It turned out I wasn’t the only one to experience navigational difficulties. I’d built up a head of steam and came into Beeston expecting to see Adair. Nothing. I figured he must be a bit further on due to the parking charges at Beeston, but every possible point I found there was no sight of him. I was really struggling with stomach cramps and didn’t fancy taking anything else on. By the hill just before rock farm I was starting to bonk and seemingly out of nowhere Ed and Andy appeared behind me. Even the stunning view over the Cheshire plains didn’t help as I pushed on.

It was not long before experience trumped youth and Andy took the lead. For those that know the trail it was on the climb over the sandstone which you wonder whether to run it or not. I was walking! A ridiculously apologetic Adair greeted us at Gresty’s waste. I was just behind Andy, but he was off quickly whereas I spent just over 8 minutes refuelling during which time Ed came in. Throughout the entire 8 minutes Adair made excuses for not being at check point 3 or 4… he laid it on so thick and we were so exhausted that we even started to feel sorry for him!

For me, the highlight of the run came just as I was about to leave Delemere forest near Manley common. A lone figure appeared with a dog which as I got closer turned out to be Mario, “you’re going well lad, do you want some water? I’ve got a Milky way in my bag if you want it!” A superb boost just as I was really starting to feel human again. He also informed me that Andy had put almost 8 minutes on me since Gresty’s which put him out of sight. I now had a new goal; maintaining sub 10 minute miles to beat my previous best of 5:29:30. I had my work cut out.

I pushed hard, played all the mind games with myself that I could. The Baker’s dozen was cruel and I didn’t have the time to enjoy the fantastically clear views from the war memorial. A hard final push lead me to arrive at the finish in 5:26:42 just over two minutes behind Andy who made it in 5:24:31. Both my arms were tingling as if I they were about to go into pins and needles. Andy came to the rescue with some magic Kendal mint cake which had me right within a couple of minutes. It seemed refusing the kind offer of a milky way would have been a mistake if it had been any further!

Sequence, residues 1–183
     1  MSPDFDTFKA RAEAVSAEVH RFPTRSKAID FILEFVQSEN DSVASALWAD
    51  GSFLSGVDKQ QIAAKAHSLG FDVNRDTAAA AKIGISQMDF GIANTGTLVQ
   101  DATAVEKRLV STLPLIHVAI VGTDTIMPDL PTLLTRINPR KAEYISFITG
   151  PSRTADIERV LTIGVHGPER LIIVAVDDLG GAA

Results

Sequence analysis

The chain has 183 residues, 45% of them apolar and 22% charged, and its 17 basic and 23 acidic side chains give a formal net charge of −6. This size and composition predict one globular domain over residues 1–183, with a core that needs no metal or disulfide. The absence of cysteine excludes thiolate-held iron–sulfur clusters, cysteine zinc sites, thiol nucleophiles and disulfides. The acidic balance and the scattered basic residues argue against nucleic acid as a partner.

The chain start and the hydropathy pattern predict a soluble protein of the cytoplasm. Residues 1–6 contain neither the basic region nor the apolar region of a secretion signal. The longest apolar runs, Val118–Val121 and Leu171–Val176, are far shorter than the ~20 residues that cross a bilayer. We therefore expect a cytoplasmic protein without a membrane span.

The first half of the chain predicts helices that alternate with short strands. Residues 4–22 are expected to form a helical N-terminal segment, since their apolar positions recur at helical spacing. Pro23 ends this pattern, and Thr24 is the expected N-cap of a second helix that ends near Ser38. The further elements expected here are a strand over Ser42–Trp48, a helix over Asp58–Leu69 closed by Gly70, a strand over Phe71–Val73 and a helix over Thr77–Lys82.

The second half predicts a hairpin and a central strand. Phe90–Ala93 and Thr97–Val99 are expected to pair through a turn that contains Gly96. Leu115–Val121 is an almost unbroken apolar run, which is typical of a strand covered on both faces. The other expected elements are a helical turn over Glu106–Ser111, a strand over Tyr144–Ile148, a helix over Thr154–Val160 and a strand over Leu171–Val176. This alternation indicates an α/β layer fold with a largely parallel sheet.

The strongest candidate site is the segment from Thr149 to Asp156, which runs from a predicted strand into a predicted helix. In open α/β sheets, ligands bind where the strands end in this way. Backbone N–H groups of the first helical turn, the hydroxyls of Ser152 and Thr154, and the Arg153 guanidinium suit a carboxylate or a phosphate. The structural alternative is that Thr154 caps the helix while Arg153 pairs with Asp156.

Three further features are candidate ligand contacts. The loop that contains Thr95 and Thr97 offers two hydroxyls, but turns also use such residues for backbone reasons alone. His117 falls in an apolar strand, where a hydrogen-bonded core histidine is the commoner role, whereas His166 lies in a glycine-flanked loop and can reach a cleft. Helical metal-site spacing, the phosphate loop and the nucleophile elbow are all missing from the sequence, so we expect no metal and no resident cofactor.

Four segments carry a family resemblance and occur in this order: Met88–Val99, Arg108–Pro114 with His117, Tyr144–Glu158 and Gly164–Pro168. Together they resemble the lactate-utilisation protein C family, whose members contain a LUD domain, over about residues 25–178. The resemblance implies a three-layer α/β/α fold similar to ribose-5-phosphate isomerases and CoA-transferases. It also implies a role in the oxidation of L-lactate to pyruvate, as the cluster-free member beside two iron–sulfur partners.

A well deserved pint was ordered for the pair of us whilst we waited for Ed and Steve to arrive. Ed came in next with a superb time of 5:42:55 and Helsby uber supporter Joe arrived just in time to cheer Steve in with an excellent 6:06:50 much to the extreme delight and hero worship of his wife and daughters. A truly fitting end to an excellent morning run!

Sandstone trail challenge 2011

We’re relaunching the much loved Sandstone Trail Challenge for 2011. A formidable challenge for runners and walkers alike, this event has a long history of involvement from Helsby RC and we’re relaunching it as an LDWA event for the current year.

Not just for runners! We’re a running club, but this an event for walkers and runners. Indeed half the places will be reserved for walkers, so there’s no danger of them being outnumbered. There’s an interesting round-up from Andy Robinson here.

Find out more on the Helsby website. Any questions, ask at the club  or email andy@crewood.net. See you on May 21! Be warned, it’s likely to sell out, we’re already half full, primarily from word of mouth.